15 years ago, Darren Aronofsky pushed science fiction cinema beyond its breaking point
Hugh Jackman is alone in a dark laboratory. Then, all of a sudden, he’s someone else in an almost indescribable new place: a light-flooded tree streaking through the clouds and into the stratosphere.
Fountain is not a plot-driven movie. Darren Aronofsky’s 2006 movie may be his weirdest ever, which says a lot about the guy behind Black Swan, Requiem for a dream, and Mother! Corn Fountain challenges the cinema itself. Despite the sci-fi and fantasy elements, it often feels more like abstract art than anything else.
Much of the movie, including the scene depicted above (and embedded below), is stunning, but much of Fountain feels useless or even forgiving.
The movie critics of the time were also harsh. Fountain has a Rotten tomatoes score of 52% (74 for the audience) with critics calling it “infuriating, shockingly wrong” and “the cinematic equivalent of a progressive rock double album”.
But looking back and knowing the direction of Aronofsky’s career as he went from being a cult indie staple to a Hollywood author, is it worth revisiting the questionable low point in his career? The answer is unfortunately not. here’s why Fountain failed.
Fountain weave together three different stories from different time periods. The first follows a Spanish conquistador’s quest to find the tree of life in the 16th century. The second exists nowadays where a doctor is trying to cure his dying wife. In the third, a space traveler in a glass dome takes care of an old tree in a futuristic setting. Hugh Jackman plays the three main characters.
The “real story” of Fountain is his current account. Dr Thomas Creo is desperate to save his dying wife (Rachel Weisz) by seeking a cure for her brain tumor, using all possible medical means, namely an unapproved compound from a mysterious tree discovered in Guatemala.
Thomas’s wife, Izzi, has made her peace with his impending disappearance, but he’s not ready to accept it. All Izzi wants is to be with her husband during his last days, but Thomas is often so engrossed in his research to save his wife that he neglects to spend time with her.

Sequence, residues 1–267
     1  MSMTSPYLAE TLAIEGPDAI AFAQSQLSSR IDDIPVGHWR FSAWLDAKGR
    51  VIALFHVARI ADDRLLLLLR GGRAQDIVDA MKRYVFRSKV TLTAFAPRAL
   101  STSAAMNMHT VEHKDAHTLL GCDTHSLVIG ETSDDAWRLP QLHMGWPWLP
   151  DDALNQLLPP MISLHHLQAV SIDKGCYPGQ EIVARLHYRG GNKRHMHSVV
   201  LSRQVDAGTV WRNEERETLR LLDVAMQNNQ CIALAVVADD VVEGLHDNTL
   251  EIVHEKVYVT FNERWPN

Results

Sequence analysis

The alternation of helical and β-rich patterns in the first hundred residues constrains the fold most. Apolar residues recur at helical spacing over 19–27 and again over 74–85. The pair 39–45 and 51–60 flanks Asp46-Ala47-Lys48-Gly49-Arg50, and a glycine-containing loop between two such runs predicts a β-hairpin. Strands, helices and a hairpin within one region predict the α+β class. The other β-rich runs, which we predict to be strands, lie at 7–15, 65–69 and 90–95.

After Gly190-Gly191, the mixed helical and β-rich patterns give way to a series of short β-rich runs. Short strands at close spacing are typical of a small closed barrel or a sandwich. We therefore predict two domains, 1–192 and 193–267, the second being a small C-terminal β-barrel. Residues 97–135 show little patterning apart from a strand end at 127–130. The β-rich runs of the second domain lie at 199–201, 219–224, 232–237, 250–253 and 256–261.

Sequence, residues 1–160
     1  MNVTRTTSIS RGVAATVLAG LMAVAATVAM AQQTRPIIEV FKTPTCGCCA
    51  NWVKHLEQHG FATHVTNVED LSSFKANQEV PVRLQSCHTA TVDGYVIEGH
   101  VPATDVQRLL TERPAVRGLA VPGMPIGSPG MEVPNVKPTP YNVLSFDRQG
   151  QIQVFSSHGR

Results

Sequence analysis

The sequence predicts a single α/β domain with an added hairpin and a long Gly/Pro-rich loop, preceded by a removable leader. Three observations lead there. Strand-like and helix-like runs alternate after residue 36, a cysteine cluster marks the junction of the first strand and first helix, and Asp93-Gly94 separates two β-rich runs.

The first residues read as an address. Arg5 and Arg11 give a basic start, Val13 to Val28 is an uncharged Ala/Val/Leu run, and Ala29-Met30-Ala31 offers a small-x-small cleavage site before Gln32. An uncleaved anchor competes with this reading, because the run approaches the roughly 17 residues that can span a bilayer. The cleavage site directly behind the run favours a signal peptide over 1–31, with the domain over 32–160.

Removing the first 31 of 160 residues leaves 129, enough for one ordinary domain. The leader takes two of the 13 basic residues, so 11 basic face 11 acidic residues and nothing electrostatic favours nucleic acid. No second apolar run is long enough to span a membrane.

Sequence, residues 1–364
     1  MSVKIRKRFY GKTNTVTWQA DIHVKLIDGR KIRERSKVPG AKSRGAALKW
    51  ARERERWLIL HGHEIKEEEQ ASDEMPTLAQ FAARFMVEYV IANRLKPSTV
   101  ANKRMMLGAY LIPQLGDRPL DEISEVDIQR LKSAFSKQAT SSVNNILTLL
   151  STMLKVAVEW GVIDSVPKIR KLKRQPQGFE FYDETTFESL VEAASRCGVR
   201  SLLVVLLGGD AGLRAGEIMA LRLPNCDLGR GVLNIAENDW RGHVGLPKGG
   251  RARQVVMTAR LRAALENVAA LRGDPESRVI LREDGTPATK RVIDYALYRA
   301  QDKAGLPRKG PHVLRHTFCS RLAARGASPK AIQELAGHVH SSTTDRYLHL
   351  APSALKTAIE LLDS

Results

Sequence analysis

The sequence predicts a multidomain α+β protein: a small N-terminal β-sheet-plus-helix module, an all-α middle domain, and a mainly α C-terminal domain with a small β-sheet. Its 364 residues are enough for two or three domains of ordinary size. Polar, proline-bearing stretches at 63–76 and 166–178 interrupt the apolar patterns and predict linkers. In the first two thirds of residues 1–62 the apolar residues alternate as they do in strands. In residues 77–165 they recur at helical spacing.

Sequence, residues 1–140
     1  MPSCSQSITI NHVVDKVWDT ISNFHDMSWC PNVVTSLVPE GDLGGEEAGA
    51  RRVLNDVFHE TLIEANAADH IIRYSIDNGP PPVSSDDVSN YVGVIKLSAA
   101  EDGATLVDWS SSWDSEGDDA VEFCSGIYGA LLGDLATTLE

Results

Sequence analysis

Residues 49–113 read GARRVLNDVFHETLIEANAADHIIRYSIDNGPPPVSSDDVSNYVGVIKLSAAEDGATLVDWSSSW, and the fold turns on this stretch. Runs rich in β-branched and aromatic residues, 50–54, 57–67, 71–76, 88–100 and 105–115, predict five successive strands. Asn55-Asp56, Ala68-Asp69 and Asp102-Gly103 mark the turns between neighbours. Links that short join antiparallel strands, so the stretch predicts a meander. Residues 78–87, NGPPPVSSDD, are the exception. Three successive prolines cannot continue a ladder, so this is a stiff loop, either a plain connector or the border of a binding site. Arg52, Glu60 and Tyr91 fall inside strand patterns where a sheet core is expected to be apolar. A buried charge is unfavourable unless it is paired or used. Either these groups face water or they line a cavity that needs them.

During his last days, Izzi wrote a novel, Fountain, about the legendary Fountain of Youth. She knows she can’t finish the book and her last request is that Thomas finish it when she’s gone.
Although the film never says so explicitly, it seems clear that the scenes from the 16th-century Conquistador are depictions of Izzi’s novel. However, the third account is much more mysterious.
My own interpretation is that the futuristic plot unfolds inside Thomas’ own head. He imagines himself as a space traveler with the Tree of Life, traveling to the Xibalba nebula where he thinks he will find Izzi. In other words, it is his way of accepting the death of his wife.
It’s a lot of mental leaps to explain the plot though, and most reviews of the film focus on how complicated, confusing, and distracting it is. There are plenty of other compelling films (including Aronofsky’s own work) that prove you can get audiences thinking while telling a cohesive story.
Stories don’t have to be complicated to be deep or to provoke introspection in their audience. A simpler story can do it just as well, if not better. It would give the audience a better chance to actually meditate on these grieving themes rather than having to mentally jump from one bizarre story to another.
Aronofsky had a big theme in mind, but set out to try and make the film more complex than it should be just so he could prove how “artistic” it could be.